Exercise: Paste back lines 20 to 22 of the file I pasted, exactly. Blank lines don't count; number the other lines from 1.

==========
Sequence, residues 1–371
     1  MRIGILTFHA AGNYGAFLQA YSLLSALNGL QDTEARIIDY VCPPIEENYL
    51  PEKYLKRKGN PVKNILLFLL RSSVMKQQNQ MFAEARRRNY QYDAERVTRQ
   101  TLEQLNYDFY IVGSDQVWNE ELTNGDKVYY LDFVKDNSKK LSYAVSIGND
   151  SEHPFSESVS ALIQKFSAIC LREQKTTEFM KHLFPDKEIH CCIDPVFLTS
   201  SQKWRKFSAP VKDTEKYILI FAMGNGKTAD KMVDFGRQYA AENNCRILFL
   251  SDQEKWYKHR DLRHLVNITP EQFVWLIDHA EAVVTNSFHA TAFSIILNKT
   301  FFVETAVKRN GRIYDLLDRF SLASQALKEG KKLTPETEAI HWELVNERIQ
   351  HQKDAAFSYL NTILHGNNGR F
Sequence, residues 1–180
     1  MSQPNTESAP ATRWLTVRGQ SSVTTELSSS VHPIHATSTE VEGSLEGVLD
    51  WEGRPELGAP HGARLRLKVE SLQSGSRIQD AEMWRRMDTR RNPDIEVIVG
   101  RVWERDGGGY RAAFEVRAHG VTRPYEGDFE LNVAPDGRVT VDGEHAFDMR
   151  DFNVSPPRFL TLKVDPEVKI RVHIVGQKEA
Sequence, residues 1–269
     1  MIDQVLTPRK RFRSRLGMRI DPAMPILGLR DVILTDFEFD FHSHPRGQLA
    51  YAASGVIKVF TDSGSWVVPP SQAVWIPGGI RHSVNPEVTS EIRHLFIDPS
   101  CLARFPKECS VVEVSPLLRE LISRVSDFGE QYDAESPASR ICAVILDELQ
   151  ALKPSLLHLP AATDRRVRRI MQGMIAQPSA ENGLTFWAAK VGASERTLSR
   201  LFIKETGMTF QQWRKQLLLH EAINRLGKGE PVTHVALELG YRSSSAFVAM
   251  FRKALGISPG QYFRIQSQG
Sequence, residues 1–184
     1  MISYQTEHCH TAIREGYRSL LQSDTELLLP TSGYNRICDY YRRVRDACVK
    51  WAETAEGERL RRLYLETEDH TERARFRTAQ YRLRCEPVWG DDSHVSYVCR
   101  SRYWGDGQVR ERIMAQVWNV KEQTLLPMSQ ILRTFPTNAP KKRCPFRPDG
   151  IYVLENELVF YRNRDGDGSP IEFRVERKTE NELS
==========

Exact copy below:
   201  LFIKETGMTF QQWRKQLLLH EAINRLGKGE PVTHVALELG YRSSSAFVAM
   251  FRKALGISPG QYFRIQSQG
Sequence, residues 1–184